Preliminary investigation into the serious in-flight upset to an S7 Airlines Airbus A321neo has found that the aircraft suffered disruption to three air data systems shortly after take-off from Magadan, leading to discrepancies in airspeed information and consequent control problems.

The aircraft – bound for Novosibirsk on 2 December – was transporting 202 passengers and seven crew members.

Freezing conditions, including heavy snow and a temperature of minus 9°C, were present at Magadan during the departure, and federal air transport authority Rosaviatsia states that de-icing treatment was carried out on the twinjet before take-off.

Although the crew initially opted to return to the airport, the A321neo stalled during its descent and approach to landing, and the crew chose instead to divert to Irkutsk – a 4h flight away – where it landed safely.

Inspection of the aircraft found rough ice on the leading edges of the wing and ice ridges were also present on the forward fuselage, in front of the pitot-static ports, as well as the radome.

Ice ridges S7 A321neo-c-Rosaviatsia

Source: Rosaviatsia

Inspection of the S7 A321neo at Irkutsk found ice ridges ahead of the pitot-static ports

Formation of the ice ridges on the fuselage “distorts” airflow to the pitot-static system and its pressure sensors, leading to unreliable airspeed indications, says Rosaviatsia.

The authority has yet to detail fully the circumstances of the incident involving the aircraft (VQ-BGU), but a flight-data recording document emerged online shortly after the event which appears to show the jet experienced excessive pitch and roll shortly after departure.

Although its authenticity has not been officially verified, the basic data is consistent with the aircraft’s trajectory following take-off from Magadan.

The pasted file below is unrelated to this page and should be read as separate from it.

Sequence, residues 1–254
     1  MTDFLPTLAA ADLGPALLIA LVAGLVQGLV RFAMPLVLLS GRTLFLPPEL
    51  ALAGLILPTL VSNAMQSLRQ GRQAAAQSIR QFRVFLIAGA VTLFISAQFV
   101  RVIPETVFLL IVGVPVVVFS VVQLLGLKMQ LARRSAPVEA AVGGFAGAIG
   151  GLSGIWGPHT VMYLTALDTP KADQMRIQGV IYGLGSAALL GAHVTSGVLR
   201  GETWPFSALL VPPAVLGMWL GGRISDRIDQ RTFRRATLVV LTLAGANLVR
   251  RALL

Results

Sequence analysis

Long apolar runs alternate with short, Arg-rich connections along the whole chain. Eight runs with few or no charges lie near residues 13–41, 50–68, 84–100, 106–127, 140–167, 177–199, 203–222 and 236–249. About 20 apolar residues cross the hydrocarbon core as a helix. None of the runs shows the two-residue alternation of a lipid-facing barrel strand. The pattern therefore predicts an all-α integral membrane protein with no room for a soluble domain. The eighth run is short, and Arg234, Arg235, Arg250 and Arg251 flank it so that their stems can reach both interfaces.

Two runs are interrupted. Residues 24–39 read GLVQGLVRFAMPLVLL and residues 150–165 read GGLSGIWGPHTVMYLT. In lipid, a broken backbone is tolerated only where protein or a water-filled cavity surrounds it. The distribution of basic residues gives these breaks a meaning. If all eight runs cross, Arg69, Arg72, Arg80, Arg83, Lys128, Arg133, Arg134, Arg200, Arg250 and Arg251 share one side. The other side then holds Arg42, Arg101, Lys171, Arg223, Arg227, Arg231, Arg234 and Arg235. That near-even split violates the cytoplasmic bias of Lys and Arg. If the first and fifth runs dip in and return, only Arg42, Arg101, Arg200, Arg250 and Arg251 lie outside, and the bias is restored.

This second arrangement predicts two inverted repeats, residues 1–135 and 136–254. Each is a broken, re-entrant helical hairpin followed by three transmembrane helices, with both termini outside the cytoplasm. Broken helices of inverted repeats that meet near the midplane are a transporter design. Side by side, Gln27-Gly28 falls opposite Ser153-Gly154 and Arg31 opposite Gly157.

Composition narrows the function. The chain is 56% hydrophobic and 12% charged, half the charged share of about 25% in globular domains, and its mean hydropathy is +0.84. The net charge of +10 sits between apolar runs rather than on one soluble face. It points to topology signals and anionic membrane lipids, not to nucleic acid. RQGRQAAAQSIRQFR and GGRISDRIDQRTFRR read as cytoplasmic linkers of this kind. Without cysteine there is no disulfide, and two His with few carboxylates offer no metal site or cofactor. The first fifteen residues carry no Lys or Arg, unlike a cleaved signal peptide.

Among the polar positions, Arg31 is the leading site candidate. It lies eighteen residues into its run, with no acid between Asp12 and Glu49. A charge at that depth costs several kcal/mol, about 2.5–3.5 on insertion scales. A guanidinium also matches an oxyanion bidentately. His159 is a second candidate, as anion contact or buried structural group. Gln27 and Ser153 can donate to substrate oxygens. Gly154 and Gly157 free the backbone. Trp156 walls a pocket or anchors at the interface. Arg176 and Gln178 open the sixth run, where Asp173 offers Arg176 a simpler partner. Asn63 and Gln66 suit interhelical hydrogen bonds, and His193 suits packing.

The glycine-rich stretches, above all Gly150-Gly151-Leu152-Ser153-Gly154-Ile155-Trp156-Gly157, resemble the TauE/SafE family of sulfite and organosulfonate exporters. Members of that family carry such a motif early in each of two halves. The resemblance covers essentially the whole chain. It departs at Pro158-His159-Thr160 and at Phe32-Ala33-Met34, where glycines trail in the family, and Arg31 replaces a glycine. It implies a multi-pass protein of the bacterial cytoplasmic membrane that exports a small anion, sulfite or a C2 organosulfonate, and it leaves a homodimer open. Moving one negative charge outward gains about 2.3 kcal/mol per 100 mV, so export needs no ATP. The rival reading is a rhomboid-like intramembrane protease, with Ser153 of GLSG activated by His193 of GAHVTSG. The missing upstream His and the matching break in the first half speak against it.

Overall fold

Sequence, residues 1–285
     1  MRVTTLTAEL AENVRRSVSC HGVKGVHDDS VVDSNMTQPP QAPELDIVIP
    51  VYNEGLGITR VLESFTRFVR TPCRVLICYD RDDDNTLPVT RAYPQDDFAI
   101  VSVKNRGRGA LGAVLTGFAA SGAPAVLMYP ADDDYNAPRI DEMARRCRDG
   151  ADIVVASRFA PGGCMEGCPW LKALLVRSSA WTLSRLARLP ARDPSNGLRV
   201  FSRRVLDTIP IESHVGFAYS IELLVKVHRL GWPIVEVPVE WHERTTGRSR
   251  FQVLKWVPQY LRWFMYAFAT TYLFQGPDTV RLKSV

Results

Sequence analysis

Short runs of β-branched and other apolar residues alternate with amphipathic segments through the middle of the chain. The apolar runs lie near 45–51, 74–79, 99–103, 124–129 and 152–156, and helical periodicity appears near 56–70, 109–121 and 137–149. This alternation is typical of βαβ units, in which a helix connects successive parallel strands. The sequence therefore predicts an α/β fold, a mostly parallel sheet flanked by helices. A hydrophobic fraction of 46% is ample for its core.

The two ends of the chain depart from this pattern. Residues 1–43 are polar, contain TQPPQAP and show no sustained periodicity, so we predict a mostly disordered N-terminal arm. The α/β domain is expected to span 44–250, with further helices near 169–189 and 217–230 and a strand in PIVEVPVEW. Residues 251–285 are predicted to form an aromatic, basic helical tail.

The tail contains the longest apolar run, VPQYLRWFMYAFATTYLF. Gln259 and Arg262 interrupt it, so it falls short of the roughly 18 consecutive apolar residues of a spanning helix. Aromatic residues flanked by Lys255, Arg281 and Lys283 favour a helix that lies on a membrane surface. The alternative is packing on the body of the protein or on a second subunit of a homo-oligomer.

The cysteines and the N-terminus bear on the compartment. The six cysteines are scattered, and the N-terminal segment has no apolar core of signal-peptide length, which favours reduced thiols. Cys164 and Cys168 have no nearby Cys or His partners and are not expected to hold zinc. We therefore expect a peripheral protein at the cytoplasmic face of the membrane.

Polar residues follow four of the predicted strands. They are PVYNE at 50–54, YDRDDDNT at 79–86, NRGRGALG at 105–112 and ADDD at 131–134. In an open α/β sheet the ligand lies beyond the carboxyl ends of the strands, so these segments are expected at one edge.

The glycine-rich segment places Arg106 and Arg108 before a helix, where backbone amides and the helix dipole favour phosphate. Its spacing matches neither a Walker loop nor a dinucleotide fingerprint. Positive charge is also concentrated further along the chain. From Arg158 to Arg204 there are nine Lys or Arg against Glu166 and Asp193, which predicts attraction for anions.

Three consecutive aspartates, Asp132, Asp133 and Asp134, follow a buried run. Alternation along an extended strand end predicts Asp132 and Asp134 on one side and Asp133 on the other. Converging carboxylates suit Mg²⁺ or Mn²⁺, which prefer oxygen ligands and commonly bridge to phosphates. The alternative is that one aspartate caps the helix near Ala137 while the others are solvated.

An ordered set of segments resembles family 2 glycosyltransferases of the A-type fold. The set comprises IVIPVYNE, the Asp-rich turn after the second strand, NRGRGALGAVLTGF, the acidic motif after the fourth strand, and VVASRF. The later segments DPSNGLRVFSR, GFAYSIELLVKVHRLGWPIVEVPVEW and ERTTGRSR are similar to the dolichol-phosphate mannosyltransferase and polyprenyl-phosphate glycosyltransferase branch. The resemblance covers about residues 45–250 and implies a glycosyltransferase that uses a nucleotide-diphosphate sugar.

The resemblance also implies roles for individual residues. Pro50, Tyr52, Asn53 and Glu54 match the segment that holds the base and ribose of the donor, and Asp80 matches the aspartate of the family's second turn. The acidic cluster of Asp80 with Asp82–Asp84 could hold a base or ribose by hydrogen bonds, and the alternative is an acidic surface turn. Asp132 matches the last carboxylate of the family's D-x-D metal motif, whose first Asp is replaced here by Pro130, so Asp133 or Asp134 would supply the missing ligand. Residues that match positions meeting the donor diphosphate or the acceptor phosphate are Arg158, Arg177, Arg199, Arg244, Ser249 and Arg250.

It suggests the aircraft initially climbed to about 8,700ft but underwent a degradation of its flight-control laws. The flight-data recording appears to show rapid fluctuations in altitude, from around 5,000ft to 14,000ft, bank angles alternating from about 40-50° to as much as 91°, and variations in pitch from 24° nose-down to 43° nose-up.

Rosaviatsia is highlighting, in a safety bulletin, the need to monitor compliance with de-icing processes to ensure aircraft are clean, listing a number of previous incidents and accident attributed to ice build-up.

Ice build-up S7 A321neo-c-Rosaviatsia

Source: Rosaviatsia

Icing was also found on the leading-edge of the aircraft’s wing

While it has not detailed conclusions over the cause of the incident, the bulletin stresses that ground-handling personnel must pay attention to validity periods for de-icing fluid protection, ensure that fluid application is carried out in strict accordance with manufacturers’ flow data, that different fluids are not mixed unless approved, and de-icing vehicles are correctly maintained.

Rosaviatsia is also recommending that crews and ground-handlers of A320-family aircraft familiarise themselves with information from the manufacturer on preventing ice formation on the forward fuselage.

Airbus has previously stated that ice ridges can form ahead of the pitot-static system if the aircraft has been parked for a long stay in cold conditions – most accretion occurs before the first flight of the day – or can emerge as melting snow from heated windshields re-freezes as it runs down the fuselage.

Ice ridges ahead of the pitot probes can cause perturbation of the airflow, it adds, and lead the air-data system to indicate speeds lower than the actual airspeed.